In this post, Tom Ascol writes, “To put it bluntly, the Southern Baptist Convention needs to be led by pastors. Granted, there are some pastors who are eager to be enablers of or fellow travelers with wayward bureaucrats. I am not talking about those guys.”
In this article, Stephen J. Wellum writes, “It would be an understatement to say that penal substitution has come under attack today. From voices outside of evangelical theology to those within, the historic Reformation view of the cross is claimed to be a ‘modern’ invention from the cultural West, to be too ‘legal’ in orientation, to sanction violence, to privilege divine retributive justice over God’s love, to be a form of divine child abuse, to reduce Scripture’s polychrome presentation of the cross to a lifeless monochrome, and so on. None of these charges are new, and have been argued since the end of the sixteenth century with the rise of the Socinians and liberal theology.”
In this podcast episode of Christ the Center, non-SBC author, “Daniel Schrock speaks about self-conception in light of the Revoice movement and the Nashville Statement.”
In this article, Mark Coppenger mentions, “the school of Thumper, who was pressed to recall his father’s instructions in Bambi, ‘If you can’t say somethin’ nice, don’t say nothin’ at all.’ I fear that many of us have studied too long there.”
In this article, non-SBC author Lisa Spencer asks, “Does Jesus really need to look ‘just like us’ in order to be acceptable to us? Do we really need to circumvent the reality of sin so that it doesn’t offend our sense of ethnic affirmation? We don’t have to dismiss ethnicity, nor should we, but we certainly can’t let it govern our theology.”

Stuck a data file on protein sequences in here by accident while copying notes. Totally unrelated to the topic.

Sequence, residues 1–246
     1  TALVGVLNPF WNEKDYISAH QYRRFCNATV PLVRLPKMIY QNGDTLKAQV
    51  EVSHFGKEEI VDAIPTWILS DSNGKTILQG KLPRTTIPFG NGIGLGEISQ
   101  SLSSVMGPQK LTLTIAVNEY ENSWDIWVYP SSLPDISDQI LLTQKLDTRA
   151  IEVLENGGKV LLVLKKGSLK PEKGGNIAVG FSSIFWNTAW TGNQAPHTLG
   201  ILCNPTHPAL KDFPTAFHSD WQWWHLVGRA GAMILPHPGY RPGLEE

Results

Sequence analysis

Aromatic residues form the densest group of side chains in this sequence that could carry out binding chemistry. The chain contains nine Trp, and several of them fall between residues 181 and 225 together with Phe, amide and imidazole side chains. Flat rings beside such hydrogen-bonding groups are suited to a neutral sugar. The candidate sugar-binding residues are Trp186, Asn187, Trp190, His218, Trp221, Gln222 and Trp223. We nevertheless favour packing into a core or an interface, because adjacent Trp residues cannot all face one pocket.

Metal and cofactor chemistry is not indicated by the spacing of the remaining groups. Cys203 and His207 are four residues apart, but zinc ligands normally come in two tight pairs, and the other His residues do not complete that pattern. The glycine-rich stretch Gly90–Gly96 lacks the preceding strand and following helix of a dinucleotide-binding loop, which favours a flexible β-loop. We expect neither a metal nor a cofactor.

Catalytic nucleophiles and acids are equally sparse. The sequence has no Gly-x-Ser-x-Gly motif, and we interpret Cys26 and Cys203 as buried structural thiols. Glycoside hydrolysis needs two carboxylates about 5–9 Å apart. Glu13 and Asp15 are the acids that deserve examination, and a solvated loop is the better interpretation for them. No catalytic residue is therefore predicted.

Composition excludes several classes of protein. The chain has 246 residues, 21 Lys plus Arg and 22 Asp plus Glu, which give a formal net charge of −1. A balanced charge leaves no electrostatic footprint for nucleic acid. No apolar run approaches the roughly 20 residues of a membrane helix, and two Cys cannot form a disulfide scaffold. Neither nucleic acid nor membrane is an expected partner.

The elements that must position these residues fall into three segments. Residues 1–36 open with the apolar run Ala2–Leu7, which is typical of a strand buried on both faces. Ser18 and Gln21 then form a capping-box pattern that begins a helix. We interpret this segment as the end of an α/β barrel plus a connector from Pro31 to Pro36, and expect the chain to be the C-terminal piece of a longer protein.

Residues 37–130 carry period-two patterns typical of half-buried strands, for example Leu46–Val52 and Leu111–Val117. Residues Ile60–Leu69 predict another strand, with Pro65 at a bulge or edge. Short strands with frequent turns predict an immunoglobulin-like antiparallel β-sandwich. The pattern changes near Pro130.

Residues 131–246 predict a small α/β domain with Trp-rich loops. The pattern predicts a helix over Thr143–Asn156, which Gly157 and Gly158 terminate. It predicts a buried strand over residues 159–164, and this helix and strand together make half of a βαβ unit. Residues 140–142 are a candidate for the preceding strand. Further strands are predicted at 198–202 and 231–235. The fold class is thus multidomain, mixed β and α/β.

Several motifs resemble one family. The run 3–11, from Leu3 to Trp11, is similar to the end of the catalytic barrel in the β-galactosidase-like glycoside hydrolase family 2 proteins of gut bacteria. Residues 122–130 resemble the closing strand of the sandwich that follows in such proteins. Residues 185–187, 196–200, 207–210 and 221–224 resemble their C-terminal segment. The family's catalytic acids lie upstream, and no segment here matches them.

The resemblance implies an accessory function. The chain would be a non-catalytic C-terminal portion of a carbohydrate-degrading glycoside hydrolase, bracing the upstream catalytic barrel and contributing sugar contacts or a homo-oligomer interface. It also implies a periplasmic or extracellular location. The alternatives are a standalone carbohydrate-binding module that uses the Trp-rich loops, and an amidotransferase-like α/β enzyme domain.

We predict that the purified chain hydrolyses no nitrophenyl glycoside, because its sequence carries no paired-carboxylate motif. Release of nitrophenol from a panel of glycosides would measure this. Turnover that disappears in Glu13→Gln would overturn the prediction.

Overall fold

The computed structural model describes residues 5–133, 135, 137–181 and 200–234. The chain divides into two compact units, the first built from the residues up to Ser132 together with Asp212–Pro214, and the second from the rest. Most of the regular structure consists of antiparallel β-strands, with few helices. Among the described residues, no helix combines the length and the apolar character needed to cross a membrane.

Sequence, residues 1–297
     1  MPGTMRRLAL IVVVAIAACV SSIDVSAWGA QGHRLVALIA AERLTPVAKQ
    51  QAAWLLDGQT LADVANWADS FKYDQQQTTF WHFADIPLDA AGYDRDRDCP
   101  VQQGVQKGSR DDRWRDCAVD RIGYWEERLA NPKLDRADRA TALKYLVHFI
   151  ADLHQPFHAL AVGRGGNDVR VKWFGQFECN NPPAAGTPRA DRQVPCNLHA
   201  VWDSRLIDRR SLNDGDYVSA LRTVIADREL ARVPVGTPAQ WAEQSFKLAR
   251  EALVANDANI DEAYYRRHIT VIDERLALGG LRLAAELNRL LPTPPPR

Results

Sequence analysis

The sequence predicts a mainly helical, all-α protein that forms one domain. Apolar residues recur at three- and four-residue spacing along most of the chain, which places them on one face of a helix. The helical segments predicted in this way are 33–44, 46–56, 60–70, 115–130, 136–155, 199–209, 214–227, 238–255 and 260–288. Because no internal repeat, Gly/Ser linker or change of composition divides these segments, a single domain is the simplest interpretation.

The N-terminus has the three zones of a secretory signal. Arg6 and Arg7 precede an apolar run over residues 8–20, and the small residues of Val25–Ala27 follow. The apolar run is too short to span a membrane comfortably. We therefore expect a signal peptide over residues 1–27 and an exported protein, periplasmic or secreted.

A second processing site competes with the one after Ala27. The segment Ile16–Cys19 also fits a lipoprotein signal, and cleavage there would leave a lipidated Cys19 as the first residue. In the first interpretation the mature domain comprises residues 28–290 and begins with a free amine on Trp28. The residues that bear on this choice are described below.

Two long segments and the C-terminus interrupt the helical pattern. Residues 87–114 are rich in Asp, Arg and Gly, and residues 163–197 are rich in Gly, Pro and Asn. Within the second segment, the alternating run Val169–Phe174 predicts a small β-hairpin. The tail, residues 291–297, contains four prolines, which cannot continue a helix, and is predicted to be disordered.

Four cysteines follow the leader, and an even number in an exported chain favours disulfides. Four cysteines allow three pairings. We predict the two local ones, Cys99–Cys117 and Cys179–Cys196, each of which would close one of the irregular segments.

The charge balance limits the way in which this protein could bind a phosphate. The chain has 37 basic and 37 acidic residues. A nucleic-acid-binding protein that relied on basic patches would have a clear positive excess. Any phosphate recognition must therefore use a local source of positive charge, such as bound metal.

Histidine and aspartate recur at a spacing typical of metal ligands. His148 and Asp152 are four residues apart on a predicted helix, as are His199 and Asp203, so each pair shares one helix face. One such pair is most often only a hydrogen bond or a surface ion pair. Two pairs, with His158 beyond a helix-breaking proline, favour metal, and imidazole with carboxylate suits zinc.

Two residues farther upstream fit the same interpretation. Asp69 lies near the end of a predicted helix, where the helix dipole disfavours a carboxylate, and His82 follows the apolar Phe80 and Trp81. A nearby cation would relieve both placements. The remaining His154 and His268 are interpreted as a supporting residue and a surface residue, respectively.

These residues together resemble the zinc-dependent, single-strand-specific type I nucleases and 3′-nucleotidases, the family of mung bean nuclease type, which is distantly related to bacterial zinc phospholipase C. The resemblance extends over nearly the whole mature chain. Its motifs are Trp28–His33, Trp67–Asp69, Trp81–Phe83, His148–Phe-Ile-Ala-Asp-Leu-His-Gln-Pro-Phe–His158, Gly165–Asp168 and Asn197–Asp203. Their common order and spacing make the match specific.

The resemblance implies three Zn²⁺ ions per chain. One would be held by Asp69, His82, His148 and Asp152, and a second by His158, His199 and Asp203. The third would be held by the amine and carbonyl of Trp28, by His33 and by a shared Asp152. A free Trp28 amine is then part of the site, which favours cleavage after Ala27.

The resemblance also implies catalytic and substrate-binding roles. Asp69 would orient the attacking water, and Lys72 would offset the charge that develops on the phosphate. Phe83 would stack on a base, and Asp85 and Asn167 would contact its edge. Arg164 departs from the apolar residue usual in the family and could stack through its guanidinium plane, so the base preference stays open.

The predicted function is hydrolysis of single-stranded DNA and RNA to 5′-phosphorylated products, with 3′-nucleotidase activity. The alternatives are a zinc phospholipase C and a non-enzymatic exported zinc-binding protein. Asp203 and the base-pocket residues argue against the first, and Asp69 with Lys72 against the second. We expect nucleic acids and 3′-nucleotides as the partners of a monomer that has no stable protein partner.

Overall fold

In this podcast episode, Christ the Center welcomes, “seminary presidents Albert Mohler and Peter Lillback to discuss the role of the seminary in today’s world.”
In this article, non-SBC author Daniel Schrock comments at length on an objection raised when, “the 47th General Assembly opted (after a lengthy and impassioned debate) to ‘declare the Council on Biblical Manhood & Womanhood’s ‘Nashville Statement’ on biblical sexuality as a biblically faithful declaration and refer the ‘Nashville Statement’ to the Committee on Discipleship Ministries for inclusion and promotion among its denominational teaching materials.'”
The conservative resurgence (CR) of the Southern Baptist Convention was a movement to reclaim institutions for a conservative theology and mission. Preeminent among those institutions marked for reclamation were our six seminaries, which had, to varying degrees, come under the influence of a left-leaning theology in the decades preceding the CR, which began in 1979. As a result of the CR, the seminaries have now been under the leadership of conservatives for a few decades, but state Baptist colleges and universities continue to represent a much wider theological spectrum that includes left, right, and middle. The reason for this discrepancy between seminaries and colleges is, of course, because the CR operated at the level of the national convention, to which only the seminaries are directly accountable. The CR was not an organized movement at the level of state conventions, to which state Baptist colleges and universities are directly accountable.
God blessed the Southern Baptist Convention with victory in a battle for the Bible during the Conservative Resurgence. But theological giants from that era now warn of a looming threat outside of the concern for defending the doctrine of the inerrancy of Scripture. Two of the most prominent figures in the SBC and leaders during the CR are Thomas J. Nettles and R. Albert Mohler, Jr. Both of these men took uncompromising stands on the doctrine of inerrancy during the CR. But both of these men now warn of a new threat in the SBC and evangelicalism.